Endocrine Abstracts (2002) 3 P145

Clinical and biochemical findings in paragangliomas

RT Peaston1, IM Ibrahim2, D Woods2, PA Senior2 & P Perros2

1Department of Clinical Biochemistry Freeman Hospital, Newcastle Upon Tyne, UK; 2Endocrinology Unit, Freeman Hospital, Newcastle Upon Tyne, UK.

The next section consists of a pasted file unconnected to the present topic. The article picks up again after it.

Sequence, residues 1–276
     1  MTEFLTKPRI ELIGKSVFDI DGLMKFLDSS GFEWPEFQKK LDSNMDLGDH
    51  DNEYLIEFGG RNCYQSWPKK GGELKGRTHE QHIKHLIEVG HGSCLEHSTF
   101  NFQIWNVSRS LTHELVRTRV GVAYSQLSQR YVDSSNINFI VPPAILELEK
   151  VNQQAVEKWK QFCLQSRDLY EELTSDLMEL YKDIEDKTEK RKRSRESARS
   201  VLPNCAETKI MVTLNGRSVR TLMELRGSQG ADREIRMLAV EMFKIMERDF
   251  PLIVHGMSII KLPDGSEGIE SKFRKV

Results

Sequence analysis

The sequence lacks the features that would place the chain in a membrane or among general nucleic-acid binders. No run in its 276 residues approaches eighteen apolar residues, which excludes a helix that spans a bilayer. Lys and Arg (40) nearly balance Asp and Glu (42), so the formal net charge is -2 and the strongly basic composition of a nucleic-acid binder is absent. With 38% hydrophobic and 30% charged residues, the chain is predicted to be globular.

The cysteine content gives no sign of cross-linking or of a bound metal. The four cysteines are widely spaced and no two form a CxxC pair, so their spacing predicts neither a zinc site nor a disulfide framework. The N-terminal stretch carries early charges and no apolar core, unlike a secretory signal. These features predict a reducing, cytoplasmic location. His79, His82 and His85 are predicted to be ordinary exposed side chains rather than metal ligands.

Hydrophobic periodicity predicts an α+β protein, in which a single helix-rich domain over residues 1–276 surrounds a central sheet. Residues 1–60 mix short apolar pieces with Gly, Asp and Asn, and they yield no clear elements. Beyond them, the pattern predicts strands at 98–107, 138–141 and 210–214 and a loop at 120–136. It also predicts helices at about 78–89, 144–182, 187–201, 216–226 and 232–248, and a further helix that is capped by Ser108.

Paragangliomas are rare tumours that arise from extra-adrenal chromaffin cells within the sympathetic paraganglionic axis. While neoplasms of the adrenal medulla, (phaeochromocytomas) are normally characterized by catecholamine (CA) hypersecretion, paragangliomas can be nonfunctional. We report our findings from 5 patients (4 males, 1 female) with paragangliomas. In 4 out of 5 patients the initial presentation was related to the space-occupying effect of the tumour. Episodic symptoms consistent with excess CA secretion was the predominant presenting feature only in one patient although 4 patients had hypertension. Four of the 5 patients had biopsies before a potential source of excessive CA secretion was suspected; in 3 patients undergoing biopsy a surge in blood pressure during the procedure was noted. Localization studies using CT and MRI was positive in all 5 patients while [123I] MIBG was negative in the 3 patients. Levels of plasma or urinary CA and metadrenalines (HPLC with electrochemical detection) measured preoperatively were normal on multiple samples in 4 patients with only slightly raised urinary normetadrenaline in 1 patient. All hypertensive patients (including those with normal CA) were alpha and beta blocked before surgery. There were no perioperative complications and BP was stable during surgery. In two patients antihypertensive therapy has either been withdrawn or reduced postoperatively, with good BP control. Adrenergic blockade before surgery may be appropriate in hypertensive patients with non-functioning paragangliomas.

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